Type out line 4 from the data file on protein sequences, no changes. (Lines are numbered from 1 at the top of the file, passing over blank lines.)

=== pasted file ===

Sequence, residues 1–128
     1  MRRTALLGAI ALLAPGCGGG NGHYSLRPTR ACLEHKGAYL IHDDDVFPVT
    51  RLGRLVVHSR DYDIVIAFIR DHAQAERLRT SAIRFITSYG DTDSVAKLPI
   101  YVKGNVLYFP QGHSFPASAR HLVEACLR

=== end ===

   101  YVKGNVLYFP QGHSFPASAR HLVEACLR